to distinction. However, the interpretation of this assertion in terms

of traditional grammar is uncertain. For he must ultimately depend upon

context to give two different meanings to the middle of ai]te<w, i.e.,

because you are unaffected by asking (dia> to> mh> ai]tei?sqai u[ma?j) and

because your interest in asking is undesireable (dio<ti kakw?j ai]tei?sqe).

Furthermore, the validity of the suggestion because you are unaffected

by asking is very dubious. Is James stating that if his readers are

affected by their asking, then their requests will be answered? How is

one to be affected by his own asking? If this was the crucial point of

the condition, it would seem that James would make plain the answers to

such questions. Thus, this suggestion appears to be forced and unnatural.

 

Semantic indistinction

This alternation of voices in James 4:2,3 has also been viewed

as simply an arbitrary interchange.3 Yet, as Moulton suggests, it is

difficult to understand how a writer like James could permit so

purposeless a freak as this would be.4 Perhaps on the basis of style

 

1 Hiebert, James, p. 248.

2 Leddusire, "Middle Voice," p. 131.

3 GOEL, p. 166; Simcox, The Language of the New Testament, p. 95;

Henry Nunn, A Short Syntax of New Testament Greek (Cambridge:

University Press, 1912), p. 64.

4 GNTG 1:160. Although he argues against an arbitrary inter-

change, he concludes this usage is an extinct subtlety.


33

the middle forms were adopted to balance the two active forms ai]tei?te

and ou] lamba<nete.1 Yet this also is a tenuous suggestion, for such

stylistic usage of voice does not appear elsewhere in James.2

In view of this controversy and lack of strong support for either

position, Adamson correctly observes that no certain distinction has

been established between the active and middle in this passage.3 Yet

there are also no cogent reasons which eliminate the possibility of the

middle conveying an intensification between the subject and its verbal

action.4 This context suggests the possibility that the intensification

may be the personal interest of the subject in the request. Thus, this

passage is certainly not irrefutable evidence that the active and middle

voices of certain verbs are used interchangeably, nor vice versa.5

 

1 John 5:14, 15

Parallel in difficulty are the five occurrences of ai]te<w in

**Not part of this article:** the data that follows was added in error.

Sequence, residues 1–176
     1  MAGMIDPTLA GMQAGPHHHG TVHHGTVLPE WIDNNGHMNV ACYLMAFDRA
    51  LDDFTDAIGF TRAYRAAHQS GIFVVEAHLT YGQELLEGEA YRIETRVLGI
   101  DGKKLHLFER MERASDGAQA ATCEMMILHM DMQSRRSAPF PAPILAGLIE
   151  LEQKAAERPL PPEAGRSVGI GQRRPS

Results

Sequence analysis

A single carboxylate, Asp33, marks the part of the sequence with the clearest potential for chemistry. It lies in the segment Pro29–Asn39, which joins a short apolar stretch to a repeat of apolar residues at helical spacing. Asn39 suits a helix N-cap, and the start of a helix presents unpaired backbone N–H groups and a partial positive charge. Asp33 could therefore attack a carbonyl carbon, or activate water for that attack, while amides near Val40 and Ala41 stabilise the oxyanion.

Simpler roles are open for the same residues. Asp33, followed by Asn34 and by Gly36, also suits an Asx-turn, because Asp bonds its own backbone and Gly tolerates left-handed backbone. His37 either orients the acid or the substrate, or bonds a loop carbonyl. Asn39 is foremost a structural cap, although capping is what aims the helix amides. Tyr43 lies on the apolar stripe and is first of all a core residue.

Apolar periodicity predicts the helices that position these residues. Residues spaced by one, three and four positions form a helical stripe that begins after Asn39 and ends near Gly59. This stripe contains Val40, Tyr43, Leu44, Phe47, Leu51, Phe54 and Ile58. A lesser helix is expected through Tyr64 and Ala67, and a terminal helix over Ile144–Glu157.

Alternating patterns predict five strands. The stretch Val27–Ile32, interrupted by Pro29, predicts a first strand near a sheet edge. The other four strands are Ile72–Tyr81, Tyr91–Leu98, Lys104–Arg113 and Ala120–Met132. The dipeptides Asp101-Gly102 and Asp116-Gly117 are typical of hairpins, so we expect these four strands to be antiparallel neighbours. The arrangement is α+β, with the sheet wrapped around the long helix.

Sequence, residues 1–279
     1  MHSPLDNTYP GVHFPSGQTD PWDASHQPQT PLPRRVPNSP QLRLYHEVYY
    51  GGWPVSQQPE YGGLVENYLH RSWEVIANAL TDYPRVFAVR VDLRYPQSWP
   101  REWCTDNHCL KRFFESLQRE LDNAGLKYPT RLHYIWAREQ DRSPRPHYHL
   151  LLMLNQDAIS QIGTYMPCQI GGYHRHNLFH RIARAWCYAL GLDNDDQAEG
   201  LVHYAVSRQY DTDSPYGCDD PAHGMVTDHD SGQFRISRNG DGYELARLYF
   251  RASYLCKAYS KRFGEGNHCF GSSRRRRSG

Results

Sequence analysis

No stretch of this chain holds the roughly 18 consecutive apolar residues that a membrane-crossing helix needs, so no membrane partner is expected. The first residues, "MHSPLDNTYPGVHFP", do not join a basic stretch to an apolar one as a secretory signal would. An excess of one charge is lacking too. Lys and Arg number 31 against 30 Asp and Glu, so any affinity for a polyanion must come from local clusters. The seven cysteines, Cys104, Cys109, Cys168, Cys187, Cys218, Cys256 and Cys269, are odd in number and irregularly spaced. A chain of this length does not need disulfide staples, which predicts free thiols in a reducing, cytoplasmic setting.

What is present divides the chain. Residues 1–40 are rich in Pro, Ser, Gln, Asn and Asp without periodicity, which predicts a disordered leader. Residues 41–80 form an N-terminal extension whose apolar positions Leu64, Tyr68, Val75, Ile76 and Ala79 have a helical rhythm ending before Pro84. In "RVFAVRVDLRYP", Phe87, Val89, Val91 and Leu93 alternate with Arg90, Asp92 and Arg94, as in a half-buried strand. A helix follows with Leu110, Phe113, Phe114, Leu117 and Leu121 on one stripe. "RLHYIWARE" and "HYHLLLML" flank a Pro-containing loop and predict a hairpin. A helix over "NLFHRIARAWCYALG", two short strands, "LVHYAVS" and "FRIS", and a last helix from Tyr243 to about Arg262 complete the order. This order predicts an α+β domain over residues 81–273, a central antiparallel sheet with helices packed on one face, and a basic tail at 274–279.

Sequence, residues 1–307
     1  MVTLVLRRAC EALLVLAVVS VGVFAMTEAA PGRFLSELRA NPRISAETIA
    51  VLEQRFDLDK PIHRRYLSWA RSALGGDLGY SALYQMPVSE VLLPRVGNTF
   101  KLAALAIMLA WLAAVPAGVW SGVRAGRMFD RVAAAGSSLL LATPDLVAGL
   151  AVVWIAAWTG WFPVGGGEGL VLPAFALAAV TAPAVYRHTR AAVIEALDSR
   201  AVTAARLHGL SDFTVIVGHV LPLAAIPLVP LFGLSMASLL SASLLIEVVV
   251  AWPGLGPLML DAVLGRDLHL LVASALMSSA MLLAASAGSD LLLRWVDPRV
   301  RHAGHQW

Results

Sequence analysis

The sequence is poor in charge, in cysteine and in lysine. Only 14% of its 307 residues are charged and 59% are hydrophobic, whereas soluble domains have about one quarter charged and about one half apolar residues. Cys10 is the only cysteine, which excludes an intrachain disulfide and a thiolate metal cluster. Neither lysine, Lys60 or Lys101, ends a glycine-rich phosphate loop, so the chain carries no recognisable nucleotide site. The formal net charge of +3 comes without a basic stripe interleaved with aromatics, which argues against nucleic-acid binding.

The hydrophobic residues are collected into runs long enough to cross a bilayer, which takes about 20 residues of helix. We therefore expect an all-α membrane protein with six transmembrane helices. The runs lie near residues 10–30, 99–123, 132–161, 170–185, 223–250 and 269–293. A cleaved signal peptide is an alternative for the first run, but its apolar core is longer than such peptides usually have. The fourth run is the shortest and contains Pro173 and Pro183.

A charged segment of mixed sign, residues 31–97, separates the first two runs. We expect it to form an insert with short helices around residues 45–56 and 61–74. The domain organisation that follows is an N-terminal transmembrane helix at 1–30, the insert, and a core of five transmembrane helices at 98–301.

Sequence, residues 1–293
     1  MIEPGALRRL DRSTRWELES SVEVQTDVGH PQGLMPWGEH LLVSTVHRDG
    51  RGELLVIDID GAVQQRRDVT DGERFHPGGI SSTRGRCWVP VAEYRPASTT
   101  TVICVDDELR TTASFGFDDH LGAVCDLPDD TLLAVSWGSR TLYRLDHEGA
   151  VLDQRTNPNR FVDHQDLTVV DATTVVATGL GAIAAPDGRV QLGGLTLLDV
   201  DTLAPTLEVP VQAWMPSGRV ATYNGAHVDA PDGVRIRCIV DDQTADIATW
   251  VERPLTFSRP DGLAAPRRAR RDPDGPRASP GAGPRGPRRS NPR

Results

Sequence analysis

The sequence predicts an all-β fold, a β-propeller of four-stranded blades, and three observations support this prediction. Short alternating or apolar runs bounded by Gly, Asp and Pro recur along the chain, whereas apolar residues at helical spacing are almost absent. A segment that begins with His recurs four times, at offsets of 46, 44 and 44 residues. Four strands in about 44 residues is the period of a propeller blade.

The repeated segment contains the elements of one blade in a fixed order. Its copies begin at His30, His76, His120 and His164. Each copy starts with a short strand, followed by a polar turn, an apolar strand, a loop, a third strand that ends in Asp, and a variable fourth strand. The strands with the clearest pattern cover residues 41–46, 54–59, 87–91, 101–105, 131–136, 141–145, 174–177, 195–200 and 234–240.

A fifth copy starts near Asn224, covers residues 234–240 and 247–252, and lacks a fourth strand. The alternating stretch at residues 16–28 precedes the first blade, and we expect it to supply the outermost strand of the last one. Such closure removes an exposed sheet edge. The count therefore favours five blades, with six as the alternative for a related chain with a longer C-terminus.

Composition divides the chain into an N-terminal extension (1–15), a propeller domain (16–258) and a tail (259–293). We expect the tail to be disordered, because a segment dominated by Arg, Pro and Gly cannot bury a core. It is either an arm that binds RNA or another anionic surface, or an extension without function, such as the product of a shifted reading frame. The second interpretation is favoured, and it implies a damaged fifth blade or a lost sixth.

1 John.6 Within two verses there is a variation of middle, middle, and

 

1 James B. Adamson, The Epistle of James, NICNT, ed. F. F. Bruce

(Grand Rapids: Wm. B. Eerdmans Publishing Co., 1976), p. 169.

2 An examination of the flow of verbs according to voice in James

has not revealed another sequence of middle-active-middle-active or any

similar combination.

3 Adamson, James, p. 169.

4 For opposing view, see TDNT, s.v. ai]te<w, by Gustov Stahlin,

1:192. Although he states that there is no option but to explain this

voice variation in James in terms of the formal structure of the sen-

tence, his arguments are really only applicable to Mayor's suggestion.

5 Turner, Grammatical Insights, p. 164. Hence his assertive

conclusions for interchangeability need to be more balanced. Even

BAGD, p. 25, concludes that the middle and active only seem to be used

interchangeably.

6 1 Jn 3:22, 5:14, 15, 16. Also the twelve occurrences of ai]te<w

in the Gospel of John display voice variation and present difficulties

of interpretation.


34

active. "And this is the confidence which we have before Him, that, if

we ask (ai]tw<meqa) anything according to his will He hears us. And if we

know that He hears us in whatever we ask (ai]tw<meqa), we know that we have

the requests which we have asked (^]th<kamen) from Him" (1 John 5:14, 15).

Certainly in this passage the qualifying phrase kata> to> qe<lhma does not

seem to permit any self-interest to be involved. On the basis of the

usage of ai]te<w in contexts of business dealings where the middle may add

the nuance that one has the right to ask, it is suggested that this

difference in meaning is apparent and certainly seems to be intended.

Why should the two middle forms that are used here not include

this right? Does the phrase 'according to his will" (qe<lhma, what

God has willed and has made known as being willed by him) not imply

a certain right for our asking?1

However, the context does not support this nuance. The requi-

sitioning in prayer is the same in both ai]tw<meqa and ^]th<kamen without